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Charred homes, battered lives: Kashmir a year after the abrogation of Article 370

Nawakadal, Srinagar, following the blast
By Dr Syeda Hameed*
It is almost a year since I last visited Kashmir. After the abrogation of Article 370 last August, I visited the state as part of a small fact-finding team. We wanted to open a window to the world to show how Kashmir had changed after August 5, 2019. At that time, we had moved around the city and surrounding areas, dealing with the ubiquitous security forces in the best way we could.
But this visit (in July, 2020) was a completely different experience altogether. Movement through the streets was not at all possible due to the pandemic restrictions. The little I did see was bleak: pot-holed lanes, closed shops, a few random cars and bikes on the streets, men and women slumped and masked, a dismal picture of utter weariness.
There seemed to be a sense of hopelessness even in the very air I breathed. My eyes brim over with tears – this is my beloved birthplace, my gehwara (cradle)! It speaks to me. This is the truth about the Kashmir of today. Through the 25 days of my visit, between long conversations and casual exchanges, even as the Kashmiris extended to me nothing but kindness, warmth and hospitality, I could sense the depth of their despair.
Over the last 30 years, I have never missed an opportunity to visit Kashmir. After each visit, I would return home to Delhi rejuvenated by its healing touch which was like a special benediction. It may be because of the fresh mountain air I breathed, or my visits to its sacred shrines. This time it is a different story. Almost home bound now, I feel like I am taking back a burden to which I can assign no name. Is it despair? Is it dread?
“Adi” in Tamil means ‘protest,’ ‘intervention,’ ‘violence’. The cover of the journal by that name says it all. A dead body is covered with a red kafan (shroud) that is Kashmir’s flag. The body is identified by a toe tag which says Article 370. It is surrounded by clusters of concertina wires in which are stuck torn scraps of paper; each one bears a scribbled word: ‘Livelihood’, ‘Internet’, ‘Education’ ‘Communication’, ‘Medicare’, ‘Movement’, or ‘News’.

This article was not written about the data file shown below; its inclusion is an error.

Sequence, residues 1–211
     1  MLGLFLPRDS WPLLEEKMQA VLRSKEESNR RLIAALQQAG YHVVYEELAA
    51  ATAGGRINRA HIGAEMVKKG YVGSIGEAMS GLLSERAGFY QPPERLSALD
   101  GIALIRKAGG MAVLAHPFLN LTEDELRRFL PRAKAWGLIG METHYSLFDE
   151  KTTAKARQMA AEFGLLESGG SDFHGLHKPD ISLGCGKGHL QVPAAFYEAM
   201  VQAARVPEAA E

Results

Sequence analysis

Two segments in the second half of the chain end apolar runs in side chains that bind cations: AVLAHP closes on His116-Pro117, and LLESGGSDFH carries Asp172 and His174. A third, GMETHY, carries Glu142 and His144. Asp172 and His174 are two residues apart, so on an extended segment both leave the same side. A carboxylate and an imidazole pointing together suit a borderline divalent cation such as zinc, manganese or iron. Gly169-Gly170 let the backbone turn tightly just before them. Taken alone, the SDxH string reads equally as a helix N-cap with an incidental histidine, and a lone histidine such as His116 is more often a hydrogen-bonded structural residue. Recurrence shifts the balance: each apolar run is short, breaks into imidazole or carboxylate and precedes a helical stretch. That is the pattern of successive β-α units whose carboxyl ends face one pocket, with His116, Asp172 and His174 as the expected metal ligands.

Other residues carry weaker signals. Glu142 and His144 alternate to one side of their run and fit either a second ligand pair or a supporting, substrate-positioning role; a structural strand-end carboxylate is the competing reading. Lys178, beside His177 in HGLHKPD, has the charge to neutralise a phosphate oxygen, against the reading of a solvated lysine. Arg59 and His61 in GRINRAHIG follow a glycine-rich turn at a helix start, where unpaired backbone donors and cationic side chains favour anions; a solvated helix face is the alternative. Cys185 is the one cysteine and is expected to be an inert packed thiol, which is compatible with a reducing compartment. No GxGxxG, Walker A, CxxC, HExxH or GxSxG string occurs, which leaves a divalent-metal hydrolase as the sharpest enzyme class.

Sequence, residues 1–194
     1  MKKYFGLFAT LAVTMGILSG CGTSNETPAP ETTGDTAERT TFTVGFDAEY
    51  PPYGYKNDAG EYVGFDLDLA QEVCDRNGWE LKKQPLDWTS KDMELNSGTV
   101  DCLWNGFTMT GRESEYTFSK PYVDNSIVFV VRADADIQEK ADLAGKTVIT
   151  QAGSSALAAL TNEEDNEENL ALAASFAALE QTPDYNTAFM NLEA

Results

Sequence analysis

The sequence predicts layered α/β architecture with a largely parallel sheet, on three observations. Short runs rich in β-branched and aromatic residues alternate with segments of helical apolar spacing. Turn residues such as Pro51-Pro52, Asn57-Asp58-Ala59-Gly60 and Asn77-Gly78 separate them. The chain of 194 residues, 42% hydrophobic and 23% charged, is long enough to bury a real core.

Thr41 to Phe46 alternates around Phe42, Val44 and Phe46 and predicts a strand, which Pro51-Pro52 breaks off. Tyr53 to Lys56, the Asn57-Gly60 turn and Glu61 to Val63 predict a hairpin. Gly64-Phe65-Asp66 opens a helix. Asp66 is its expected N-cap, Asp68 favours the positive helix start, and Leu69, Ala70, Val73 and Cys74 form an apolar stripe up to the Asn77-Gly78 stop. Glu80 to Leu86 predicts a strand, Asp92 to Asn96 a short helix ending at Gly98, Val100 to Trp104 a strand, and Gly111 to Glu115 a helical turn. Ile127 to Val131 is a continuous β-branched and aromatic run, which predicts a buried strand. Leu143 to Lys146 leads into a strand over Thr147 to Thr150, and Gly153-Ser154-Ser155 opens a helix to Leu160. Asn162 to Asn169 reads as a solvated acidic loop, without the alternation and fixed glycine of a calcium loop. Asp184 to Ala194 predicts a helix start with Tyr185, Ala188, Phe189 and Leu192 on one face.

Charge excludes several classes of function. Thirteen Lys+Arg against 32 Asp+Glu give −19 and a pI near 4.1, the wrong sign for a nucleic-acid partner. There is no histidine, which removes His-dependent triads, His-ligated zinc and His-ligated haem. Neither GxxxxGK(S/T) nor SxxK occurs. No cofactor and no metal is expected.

Lockdown for Kashmir is the new normal. Fingers snap in Delhi and the Valley disappears bit by bit into oblivion. The first to disappear is the internet, then the news and telephone lines. Next, what rolls in is the inevitable hardware: barricades, concertina wires, boots and more spiked boots. This metal cocktail strikes terror in the hearts of the humble people who walk on the desolate streets of Kashmir.
There were seven fact-finding reports during a period of three months following the abrogation of Article 370 in August 2019. Each one had a concluding chapter with recommendations based on eyewitness accounts from ground zero. Not a single recommendation or suggestion has been considered either by the state or the centre. On the contrary, 11 months later, what I saw was a plethora of measures to further strangle the worn-out populace of Kashmir.
Kashmiris have a deep understanding of politics and long memories. Every move of the Centre is keenly observed and followed by the people. For example, the amendment to the Control of Buildings Operation Act 1988 and the J&K Development Act 1990 gives the government open licence to declare any area ‘‘strategic”, meaning “open for occupation”. In practice it means, my home, my orchard, my property can be occupied and the Indian Army can carry out unhindered construction.
These constructions are not temporary sheds but permanent buildings as residential blocks for settling families. And it is absurd to even think of compensation or reparation! To quote Faiz Ahmed Faiz: “Baney hain ahl-e-havas muddayi bhi munsif bhi/ Kisey vakil karein kis se munsafi chahein!” (The ‘lust filled’ have become advocates and judges/ Who will argue your case, who will you ask for justice?) 
Kashmiris talk of a settler colonial project, comparing it with the Zionist movement and the South African apartheid